Hamilton had puncture on slow down lap

McLaren CEO Martin Whitmarsh revealed to autosport.com that Lewis Hamilton was lucky to finish the Monaco Grand Prix, let alone win it, after the team discovered that the Briton had a puncture on the slow down lap

Hamilton had puncture on slow down lap

Hamilton, who became the first English winner of the Monaco Grand Prix since Graham Hill 39 years ago, collected a right-rear puncture early in the race when he hit the wall at Tabac.

But while Whitmarsh admitted there was superficial damage to the McLaren in the first incident, he suggested that Nico Rosberg's crash at the Swimming Pool complex could have ruined Hamilton's chances of victory.

"We had a look, there was a bit of floor damage, we checked and when a tyre comes in flailing. We checked it and structurally it was fine," Whitmarsh told autosport.com.

"But he had a puncture on the slow down lap as well. We were lucky in that regard. It was a right rear puncture....probably from debris from Nico's accident."

Hamilton could consider himself luckier considering the race was two laps shorter than scheduled.

Whitmarsh paid tribute to the McLaren team for their strategy calls, which he said were the key to Hamilton's victory.

McLaren switched the 23-year-old's fuel strategy when he pitted with his first puncture on lap six, allowing Hamilton to produce a long and fast middle-stint, which turned the race in his favour.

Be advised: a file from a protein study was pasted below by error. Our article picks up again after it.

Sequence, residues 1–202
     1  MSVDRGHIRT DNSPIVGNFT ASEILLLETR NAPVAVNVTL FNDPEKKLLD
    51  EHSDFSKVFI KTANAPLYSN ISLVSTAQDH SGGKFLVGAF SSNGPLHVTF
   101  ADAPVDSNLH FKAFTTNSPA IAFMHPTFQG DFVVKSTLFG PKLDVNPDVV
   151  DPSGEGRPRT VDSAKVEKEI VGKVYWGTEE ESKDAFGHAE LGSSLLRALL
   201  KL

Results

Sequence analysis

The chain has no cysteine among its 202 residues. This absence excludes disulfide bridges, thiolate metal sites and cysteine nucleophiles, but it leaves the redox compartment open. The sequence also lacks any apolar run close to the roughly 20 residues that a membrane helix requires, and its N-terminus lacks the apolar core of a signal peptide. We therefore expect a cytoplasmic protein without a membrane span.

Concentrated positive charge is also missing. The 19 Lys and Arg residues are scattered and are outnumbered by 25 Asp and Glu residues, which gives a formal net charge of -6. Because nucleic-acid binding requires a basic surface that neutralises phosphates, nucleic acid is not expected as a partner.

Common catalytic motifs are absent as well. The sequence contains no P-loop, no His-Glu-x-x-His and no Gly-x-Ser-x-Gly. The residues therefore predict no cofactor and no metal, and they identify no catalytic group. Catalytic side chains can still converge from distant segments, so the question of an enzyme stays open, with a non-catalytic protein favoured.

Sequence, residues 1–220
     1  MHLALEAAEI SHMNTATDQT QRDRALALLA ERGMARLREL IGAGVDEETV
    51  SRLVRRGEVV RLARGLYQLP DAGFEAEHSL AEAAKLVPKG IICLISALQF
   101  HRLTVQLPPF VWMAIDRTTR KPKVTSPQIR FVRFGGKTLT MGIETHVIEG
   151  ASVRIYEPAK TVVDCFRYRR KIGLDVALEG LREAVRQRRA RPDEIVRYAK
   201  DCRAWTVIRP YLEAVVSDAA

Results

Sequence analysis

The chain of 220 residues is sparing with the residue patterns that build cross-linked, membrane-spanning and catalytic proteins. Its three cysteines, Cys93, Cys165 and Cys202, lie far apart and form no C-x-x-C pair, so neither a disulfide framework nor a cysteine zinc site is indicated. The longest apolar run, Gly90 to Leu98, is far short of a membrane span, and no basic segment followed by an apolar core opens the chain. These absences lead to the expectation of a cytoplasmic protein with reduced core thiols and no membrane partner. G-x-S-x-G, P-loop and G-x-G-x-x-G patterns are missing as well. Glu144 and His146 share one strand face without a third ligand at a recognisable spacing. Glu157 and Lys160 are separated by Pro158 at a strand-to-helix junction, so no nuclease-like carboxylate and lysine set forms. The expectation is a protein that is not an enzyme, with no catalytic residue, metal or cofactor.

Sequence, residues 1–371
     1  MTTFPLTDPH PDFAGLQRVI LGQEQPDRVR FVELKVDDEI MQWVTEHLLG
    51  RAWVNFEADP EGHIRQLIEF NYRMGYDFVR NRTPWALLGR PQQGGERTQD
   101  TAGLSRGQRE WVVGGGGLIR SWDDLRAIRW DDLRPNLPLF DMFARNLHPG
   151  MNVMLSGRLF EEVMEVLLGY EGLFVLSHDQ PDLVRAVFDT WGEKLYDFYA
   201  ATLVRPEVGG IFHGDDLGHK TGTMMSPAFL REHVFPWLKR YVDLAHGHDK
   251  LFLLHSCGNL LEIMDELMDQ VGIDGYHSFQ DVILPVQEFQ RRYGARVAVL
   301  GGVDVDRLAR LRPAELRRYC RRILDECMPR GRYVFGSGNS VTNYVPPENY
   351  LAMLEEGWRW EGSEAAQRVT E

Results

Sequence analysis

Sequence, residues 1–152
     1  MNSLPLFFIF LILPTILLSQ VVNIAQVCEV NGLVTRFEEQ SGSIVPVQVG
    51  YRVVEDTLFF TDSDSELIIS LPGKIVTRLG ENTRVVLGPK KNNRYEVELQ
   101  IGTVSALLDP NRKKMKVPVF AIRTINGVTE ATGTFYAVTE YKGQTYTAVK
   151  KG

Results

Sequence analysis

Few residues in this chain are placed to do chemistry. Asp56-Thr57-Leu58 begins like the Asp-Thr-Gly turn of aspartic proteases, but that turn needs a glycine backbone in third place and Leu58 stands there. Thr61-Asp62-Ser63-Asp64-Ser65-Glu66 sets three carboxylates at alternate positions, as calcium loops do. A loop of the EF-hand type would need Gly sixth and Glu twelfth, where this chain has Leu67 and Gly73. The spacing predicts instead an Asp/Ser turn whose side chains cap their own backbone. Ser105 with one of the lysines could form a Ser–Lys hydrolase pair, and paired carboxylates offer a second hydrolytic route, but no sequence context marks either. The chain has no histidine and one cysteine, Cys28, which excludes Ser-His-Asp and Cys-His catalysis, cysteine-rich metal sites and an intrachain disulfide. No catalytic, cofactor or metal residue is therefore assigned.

"The key was having the right strategy, making the right calls and keeping out of the Armco, but at the time to make decisions, we made the right decisions," he said. "It was good, and Lewis - apart from that minor mistake, and remember other people made much bigger mistakes - was key to it as well.

Whitmarsh added: "It was fantastic in very, very difficult conditions, we made the right calls at the right time, the strategy was good throughout the race and Lewis was blinding through most of it."

Whitmarsh also revealed that the stall that forced Heikki Kovalainen to start from the pitlane was not the Finn's fault.

"It was a software glitch that robbed him of control of the clutch before the start, so we had to reset that, so he was very, very unlucky and did a fantastic job," he said.

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